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College Football is Having Its Bounce Back

The power of college football is undeniable. We have become a football-obsessed country, and while we tolerate and sometimes celebrate other sports, we do not smother them like we do football. 

The highest-rated television series last year was Sunday Night Football. The second was Thursday Night Football. The difference between first and third (“NCIS”) was an average of 7 million viewers. That is the same discrepancy between third and 64th (“The Goldbergs”). And it’s not just the NFL. ABC’s Saturday night college game was 52nd. The most watched non-football sports telecast was the NBA’s Saturday night game on ABC at 76th (just ahead of “That’s My Jam”). Football is not only winning, it’s winning in a blowout. 

College football has ridden the NFL’s massive wave of popularity by delivering big brands, prime TV windows, and the league’s future stars. While CFB used to be a regional sport, today it’s become far more nationally relevant. The common critique though, is the sport is dominated by a precious few. The unpredictable parity of the NFL is nowhere to be found in college. We know the power brokers on campus before the season kicks off. The playoff party is only for the rich kids. 

This context is making the ’22 season as interesting as any in recent memory. Syracuse’s shocking run to 6-0 and 14th in the country is symbolic of a crazy first half of the season. The Orange went from bottom-dwellers in the ACC to a candidate to host College Gameday. Kansas, the Big 12 mirror image of the Orange, was the season’s best story by early October.

Alabama looks vulnerable after losing to Tennessee and struggling with Texas and Texas A&M. Clemson has been pushed by Wake Forest and Florida State. Ohio State finally has an equal in the Big Ten with Michigan. And Georgia only became part of the bejeweled elite 10 months ago. Let’s see how it handles success down the stretch. The usual suspects have question marks. 

The #3 Volunteers’ titanic victory over the Tide was a program-changing weekend on Rocky Top. An SEC which has been dominated by Alabama, LSU, Auburn, Georgia and Florida to varying degrees in the last 15 years now has a party-crasher in its midst. Also consider #7 Ole Miss as one of the traditionally uninvited having itself a moment. Lane Kiffin’s offense is hard to slow down, and the Rebels have a chance at the SEC Championship Game if it can trip up the Tide the same way the Vols did.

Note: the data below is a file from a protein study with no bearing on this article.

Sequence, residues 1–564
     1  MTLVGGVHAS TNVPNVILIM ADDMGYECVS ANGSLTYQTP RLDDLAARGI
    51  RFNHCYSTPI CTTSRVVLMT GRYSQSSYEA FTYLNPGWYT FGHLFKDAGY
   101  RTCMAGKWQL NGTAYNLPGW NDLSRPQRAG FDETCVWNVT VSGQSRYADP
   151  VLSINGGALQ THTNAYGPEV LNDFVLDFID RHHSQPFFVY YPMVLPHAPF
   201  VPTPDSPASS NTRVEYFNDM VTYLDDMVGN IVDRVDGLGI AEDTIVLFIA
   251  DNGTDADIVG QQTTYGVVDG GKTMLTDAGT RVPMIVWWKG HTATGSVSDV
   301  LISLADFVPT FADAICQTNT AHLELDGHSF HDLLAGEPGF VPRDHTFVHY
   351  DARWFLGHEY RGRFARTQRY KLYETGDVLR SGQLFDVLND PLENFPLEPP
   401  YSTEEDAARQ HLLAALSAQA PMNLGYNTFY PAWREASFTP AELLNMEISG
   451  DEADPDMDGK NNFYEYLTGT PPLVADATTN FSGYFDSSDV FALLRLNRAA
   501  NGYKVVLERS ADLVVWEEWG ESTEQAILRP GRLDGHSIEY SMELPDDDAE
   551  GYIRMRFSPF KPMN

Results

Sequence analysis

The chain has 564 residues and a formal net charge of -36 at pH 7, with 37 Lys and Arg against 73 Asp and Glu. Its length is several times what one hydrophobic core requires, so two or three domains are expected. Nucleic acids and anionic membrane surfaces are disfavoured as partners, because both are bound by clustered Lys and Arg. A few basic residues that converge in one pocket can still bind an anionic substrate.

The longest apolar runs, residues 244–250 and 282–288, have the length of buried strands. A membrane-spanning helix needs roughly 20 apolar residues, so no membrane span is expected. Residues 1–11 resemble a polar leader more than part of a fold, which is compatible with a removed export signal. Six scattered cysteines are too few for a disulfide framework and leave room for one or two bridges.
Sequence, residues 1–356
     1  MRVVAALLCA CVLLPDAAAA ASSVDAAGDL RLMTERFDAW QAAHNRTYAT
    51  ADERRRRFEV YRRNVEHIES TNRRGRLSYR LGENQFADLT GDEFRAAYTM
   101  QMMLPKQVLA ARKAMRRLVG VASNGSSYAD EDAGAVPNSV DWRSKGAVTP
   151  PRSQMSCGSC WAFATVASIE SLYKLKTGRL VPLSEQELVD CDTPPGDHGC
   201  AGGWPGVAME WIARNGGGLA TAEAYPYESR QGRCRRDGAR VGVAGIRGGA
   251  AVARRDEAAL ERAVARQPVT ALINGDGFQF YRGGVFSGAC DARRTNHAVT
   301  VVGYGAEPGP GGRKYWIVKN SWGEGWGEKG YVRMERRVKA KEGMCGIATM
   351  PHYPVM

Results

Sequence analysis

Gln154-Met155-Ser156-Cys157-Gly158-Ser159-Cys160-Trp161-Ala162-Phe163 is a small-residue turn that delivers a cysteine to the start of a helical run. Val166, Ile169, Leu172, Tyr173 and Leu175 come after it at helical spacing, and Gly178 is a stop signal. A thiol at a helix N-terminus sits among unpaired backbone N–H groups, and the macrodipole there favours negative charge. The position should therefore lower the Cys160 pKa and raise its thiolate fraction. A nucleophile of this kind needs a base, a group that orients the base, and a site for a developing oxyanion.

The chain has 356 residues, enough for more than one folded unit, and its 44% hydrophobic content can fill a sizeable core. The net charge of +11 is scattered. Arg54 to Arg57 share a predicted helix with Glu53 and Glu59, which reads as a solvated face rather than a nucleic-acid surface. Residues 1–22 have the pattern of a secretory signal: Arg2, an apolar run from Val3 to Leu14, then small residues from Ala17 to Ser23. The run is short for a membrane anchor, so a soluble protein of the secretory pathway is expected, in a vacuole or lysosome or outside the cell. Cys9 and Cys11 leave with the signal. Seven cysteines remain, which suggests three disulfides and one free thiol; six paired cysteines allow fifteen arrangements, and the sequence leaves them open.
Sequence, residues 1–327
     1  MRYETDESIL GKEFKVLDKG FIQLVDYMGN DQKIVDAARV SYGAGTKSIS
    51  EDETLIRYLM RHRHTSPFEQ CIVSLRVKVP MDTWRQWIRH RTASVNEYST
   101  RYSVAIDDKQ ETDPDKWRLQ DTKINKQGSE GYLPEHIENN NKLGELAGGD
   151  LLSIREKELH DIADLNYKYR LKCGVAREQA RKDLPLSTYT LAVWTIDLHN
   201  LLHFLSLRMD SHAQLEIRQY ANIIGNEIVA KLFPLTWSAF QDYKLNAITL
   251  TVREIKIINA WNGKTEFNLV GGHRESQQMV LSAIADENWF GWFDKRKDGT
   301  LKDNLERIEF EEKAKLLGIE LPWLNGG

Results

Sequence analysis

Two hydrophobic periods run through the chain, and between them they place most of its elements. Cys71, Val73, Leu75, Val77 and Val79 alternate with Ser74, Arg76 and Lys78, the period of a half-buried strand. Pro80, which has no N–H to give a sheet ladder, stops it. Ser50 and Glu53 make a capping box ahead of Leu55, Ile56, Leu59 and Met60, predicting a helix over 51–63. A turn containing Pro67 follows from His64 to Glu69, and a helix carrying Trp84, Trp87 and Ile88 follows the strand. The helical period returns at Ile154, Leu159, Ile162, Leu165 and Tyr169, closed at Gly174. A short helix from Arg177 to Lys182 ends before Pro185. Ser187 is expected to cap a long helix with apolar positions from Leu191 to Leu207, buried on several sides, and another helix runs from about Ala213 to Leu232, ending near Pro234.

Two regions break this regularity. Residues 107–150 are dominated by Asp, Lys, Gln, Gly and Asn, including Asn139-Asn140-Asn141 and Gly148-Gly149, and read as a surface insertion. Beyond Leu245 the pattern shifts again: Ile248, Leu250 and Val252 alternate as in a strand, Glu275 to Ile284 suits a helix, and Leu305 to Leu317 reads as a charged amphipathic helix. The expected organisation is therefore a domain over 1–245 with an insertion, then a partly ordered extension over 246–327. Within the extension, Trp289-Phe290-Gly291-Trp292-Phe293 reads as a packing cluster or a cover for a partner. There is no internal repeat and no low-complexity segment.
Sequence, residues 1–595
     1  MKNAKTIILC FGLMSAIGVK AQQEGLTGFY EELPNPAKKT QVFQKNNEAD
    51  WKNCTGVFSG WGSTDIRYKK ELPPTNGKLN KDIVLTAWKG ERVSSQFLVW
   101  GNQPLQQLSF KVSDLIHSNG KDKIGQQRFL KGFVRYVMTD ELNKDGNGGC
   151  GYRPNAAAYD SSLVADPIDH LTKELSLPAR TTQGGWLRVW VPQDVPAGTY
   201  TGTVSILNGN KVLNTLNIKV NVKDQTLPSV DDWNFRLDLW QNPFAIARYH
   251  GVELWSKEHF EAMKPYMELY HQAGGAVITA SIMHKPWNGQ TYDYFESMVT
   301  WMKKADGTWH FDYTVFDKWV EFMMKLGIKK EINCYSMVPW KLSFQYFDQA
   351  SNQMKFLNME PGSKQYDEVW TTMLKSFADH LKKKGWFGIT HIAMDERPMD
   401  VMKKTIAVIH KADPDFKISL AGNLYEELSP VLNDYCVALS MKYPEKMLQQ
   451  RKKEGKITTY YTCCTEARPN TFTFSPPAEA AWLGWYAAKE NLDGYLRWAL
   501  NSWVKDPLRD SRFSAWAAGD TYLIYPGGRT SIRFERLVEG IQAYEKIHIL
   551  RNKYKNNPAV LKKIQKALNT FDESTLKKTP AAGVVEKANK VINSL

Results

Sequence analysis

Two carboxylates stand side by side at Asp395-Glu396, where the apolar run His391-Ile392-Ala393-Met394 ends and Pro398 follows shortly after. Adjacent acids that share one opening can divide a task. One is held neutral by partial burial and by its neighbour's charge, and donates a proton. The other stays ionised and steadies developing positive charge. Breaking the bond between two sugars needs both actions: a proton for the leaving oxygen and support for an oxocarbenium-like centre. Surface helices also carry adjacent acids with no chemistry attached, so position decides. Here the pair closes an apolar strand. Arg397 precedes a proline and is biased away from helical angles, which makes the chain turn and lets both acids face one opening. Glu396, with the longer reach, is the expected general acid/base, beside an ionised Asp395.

The Big 12 and Pac-12 have had fistfuls of mud thrown in their face over the last decade. Aside from Oklahoma, no one in its conference has been considered a power during the playoff era. But the Sooners have major issues so the door has been opened for TCU, Baylor, Oklahoma State and the teams from (gasp) Kansas to burst through. On the west coast, UCLA is still undefeated, while Utah, Oregon and USC all have had extremely strong starts to the season. 

Last year a Group of 5 team broke down the door of the elites when Cincinnati dropped by the Playoff, signaling what hopes to be a trend. Add that to an expanded postseason that will hit in 2-3 years, and CFB’s access to a title has opened wider than ever before. NIL deals have potentially spread better talent to more places, and the transfer portal has helped downtrodden programs reboot quicker like the success stories at Syracuse, Kansas and K-State. Huge TV money means better facilities, recruiting budgets and coaching salaries across the spectrum. This has helped lift more programs into contention. 

We are a football nation, and as the NFL whistles its way to eye-popping wealth (the Commanders would sell for $6 billion), college football bump-drafts right behind. The only hindrance was a short guest list. But this season hopefully is proof that’s changing too.  

The Fizz is owned, edited and operated by Damon Amendolara. D.A. is an ’01 Syracuse graduate from the Newhouse School with a degree in Broadcast Journalism.

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